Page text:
Gaebelein's Annotated Bible
O that thou wert as my brother, that sucked the breasts of my mother! when I should find thee without, I would kiss thee; yea, I should not be despised.CHAPTER 8
The last chapter of the Song is a review of the whole. There is unquestionably a recapitulation of the entire book. The bride’s desires are once more given to be loved and caressed by Him. For the last time we have the charge to the daughters of Jerusalem and once more the coming is announced. “Who is this that cometh up from the wilderness leaning upon her Beloved?” She returns with Him. The Beloved is mentioned seven times in the book. There is the voice of the Beloved (Song of Solomon 2:8); the call of the Beloved (Song of Solomon 2:10); claiming the Beloved (Song of Solomon 2:16); opening the Beloved (Song of Solomon 5:5); praising the Beloved (Song of Solomon 5:9-16); leaning on the Beloved (Song of Solomon 8:5) and longing for the Beloved (Song of Solomon 8:14).
Here again the apple tree is found (Song of Solomon 2:3). It is Christ. There the Lord awoke her and manifested Himself to her. From Christ alone she derives her life. Thus only can Israel give birth to this remnant, which, at Jerusalem, shall become the earthly bride of the great King, which desires to be, and shall be, as a seal upon His heart, according to the power of a love that is strong as death, that spares nothing and yields nothing. The little sister of verse 8 has been interpreted as meaning Ephraim, the ten tribes, who will then also come into remembrance and blessing. Solomon’s vineyards at Baal-hamon (master of multitudes) points clearly to the converted nations in the millennium and then His own vineyard. Israel is mentioned in Song of Solomon 8:12.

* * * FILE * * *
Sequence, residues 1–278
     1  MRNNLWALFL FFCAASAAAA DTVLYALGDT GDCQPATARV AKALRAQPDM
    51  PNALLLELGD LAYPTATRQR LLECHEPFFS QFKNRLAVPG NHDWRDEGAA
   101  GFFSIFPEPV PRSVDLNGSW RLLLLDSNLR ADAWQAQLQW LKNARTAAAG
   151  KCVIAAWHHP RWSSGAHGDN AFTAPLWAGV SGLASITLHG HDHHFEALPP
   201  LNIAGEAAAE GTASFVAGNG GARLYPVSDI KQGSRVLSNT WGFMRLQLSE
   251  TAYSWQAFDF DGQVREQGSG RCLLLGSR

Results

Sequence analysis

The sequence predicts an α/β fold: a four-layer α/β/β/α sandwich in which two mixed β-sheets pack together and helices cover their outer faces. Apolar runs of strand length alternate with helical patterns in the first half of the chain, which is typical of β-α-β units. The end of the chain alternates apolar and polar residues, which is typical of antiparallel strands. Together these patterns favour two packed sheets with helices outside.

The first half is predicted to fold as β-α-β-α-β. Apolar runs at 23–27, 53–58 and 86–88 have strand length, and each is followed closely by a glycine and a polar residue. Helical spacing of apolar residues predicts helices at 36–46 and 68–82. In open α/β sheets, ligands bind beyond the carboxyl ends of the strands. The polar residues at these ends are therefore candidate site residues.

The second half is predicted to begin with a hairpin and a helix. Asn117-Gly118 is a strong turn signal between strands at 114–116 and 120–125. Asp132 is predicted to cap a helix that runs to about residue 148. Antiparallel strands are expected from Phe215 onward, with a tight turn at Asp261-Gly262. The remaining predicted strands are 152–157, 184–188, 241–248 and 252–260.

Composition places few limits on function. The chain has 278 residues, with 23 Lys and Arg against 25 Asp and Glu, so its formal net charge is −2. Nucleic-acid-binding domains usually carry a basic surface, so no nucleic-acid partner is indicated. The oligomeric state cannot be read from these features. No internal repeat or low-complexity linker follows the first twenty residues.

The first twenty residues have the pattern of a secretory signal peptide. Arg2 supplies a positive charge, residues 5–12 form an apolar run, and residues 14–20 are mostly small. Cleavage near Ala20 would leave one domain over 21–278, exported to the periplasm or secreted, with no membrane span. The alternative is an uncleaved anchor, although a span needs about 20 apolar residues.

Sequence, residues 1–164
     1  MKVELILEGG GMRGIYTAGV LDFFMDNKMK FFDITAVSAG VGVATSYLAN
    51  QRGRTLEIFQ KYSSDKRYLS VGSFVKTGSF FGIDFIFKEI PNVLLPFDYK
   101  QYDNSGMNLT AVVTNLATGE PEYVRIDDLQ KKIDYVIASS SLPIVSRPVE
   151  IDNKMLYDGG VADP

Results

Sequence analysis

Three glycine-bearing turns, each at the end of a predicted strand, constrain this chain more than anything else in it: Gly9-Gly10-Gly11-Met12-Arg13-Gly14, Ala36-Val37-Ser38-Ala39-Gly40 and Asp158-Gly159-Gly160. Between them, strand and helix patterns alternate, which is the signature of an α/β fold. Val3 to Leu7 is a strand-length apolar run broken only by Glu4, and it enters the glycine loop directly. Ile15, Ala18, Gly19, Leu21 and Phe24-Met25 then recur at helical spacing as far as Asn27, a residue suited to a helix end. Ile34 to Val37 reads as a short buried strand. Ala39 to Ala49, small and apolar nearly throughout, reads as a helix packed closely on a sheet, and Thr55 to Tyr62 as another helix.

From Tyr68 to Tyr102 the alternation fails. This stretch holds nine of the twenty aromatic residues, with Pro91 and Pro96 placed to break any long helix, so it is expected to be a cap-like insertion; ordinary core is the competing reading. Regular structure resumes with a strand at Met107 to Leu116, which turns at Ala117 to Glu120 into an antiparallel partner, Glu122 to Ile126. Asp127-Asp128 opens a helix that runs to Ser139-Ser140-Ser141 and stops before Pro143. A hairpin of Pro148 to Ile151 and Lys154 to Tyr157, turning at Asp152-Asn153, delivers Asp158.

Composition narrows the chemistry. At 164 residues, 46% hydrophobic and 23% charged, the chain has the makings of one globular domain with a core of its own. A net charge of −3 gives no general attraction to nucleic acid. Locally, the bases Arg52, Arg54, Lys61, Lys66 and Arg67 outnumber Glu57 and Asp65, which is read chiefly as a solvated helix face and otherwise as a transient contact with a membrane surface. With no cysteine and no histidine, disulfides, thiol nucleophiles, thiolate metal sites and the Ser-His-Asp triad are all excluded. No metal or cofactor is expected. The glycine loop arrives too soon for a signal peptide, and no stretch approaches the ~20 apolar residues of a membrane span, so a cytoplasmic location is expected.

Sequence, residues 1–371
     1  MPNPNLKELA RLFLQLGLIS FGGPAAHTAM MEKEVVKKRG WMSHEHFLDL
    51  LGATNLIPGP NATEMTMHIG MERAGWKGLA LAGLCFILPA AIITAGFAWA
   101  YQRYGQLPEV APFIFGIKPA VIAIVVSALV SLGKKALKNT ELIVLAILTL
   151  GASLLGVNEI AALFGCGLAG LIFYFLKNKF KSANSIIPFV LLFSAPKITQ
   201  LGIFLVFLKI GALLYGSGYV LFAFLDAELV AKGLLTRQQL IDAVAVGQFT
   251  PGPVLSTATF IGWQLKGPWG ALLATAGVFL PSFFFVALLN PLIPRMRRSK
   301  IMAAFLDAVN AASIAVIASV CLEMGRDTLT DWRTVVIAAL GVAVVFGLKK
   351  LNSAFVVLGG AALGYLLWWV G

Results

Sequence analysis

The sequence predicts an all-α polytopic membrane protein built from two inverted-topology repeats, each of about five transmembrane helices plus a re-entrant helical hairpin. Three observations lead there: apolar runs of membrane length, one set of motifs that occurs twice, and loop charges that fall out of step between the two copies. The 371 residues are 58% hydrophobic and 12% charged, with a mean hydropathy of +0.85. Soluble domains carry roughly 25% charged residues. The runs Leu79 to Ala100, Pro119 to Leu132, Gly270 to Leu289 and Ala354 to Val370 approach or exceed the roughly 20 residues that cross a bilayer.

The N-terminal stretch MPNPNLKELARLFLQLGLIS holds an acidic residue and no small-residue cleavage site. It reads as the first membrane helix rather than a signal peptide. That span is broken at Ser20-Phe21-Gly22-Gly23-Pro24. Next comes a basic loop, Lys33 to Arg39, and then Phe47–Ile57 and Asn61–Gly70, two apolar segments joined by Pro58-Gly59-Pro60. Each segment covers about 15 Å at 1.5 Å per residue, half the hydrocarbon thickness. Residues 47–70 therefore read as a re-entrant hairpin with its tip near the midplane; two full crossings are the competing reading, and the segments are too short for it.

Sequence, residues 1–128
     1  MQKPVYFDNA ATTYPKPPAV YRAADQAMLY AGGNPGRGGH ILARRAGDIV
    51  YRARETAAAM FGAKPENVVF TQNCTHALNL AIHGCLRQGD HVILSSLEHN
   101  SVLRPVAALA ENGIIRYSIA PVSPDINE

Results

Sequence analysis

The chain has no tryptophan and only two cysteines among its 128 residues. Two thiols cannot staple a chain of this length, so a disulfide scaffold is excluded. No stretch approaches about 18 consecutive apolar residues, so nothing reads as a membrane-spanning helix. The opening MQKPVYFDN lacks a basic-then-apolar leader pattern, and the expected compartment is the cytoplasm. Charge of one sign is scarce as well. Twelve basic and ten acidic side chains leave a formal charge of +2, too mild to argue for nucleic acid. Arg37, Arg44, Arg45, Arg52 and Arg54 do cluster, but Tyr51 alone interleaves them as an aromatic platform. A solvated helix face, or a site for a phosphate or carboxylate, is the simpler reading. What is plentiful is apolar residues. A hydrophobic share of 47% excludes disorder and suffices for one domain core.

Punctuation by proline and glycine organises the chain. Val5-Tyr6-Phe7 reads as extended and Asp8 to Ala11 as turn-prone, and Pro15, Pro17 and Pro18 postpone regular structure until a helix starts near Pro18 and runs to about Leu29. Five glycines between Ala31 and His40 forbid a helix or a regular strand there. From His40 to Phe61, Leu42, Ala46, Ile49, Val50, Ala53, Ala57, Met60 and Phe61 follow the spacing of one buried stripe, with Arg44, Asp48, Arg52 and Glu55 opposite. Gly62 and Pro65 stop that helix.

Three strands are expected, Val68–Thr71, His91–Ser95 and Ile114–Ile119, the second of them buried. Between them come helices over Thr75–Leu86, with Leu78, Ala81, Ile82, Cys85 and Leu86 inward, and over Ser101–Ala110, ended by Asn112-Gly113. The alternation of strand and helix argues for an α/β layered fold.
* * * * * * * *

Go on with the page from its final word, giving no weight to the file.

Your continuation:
The Song of Songs ends with a prayer, “Haste my Beloved, and be Thou like a gazelle or a young hart upon the mountain of spices.” Thus the remnant of Israel will plead in the future, that He may come and be manifested in His glory; but the bride of Christ, the Church, prays “Even so, Come Lord Jesus.”
In conclusion, we mention the attempt made by some, to trace in this Song of Songs the entire history of the Church. We give the divisions made for those who desire to examine this interpretation. John the Baptist’s Ministry is claimed to be covered by chapters 2:8--3:5. The Ministry of the Lord Jesus on earth is traced in chapters 3:6--5:1. From the agony in Gethsemane to the conversion of Samaria is thought to be in chapters 5:2--8:5. Then chapter 8:5-14 is said to be a picture of the times when the Gentiles were first called to the revelation and the coming of the Lord.
We think the safest interpretation is that which holds closely to the Jewish meaning, as we have done in these brief annotations.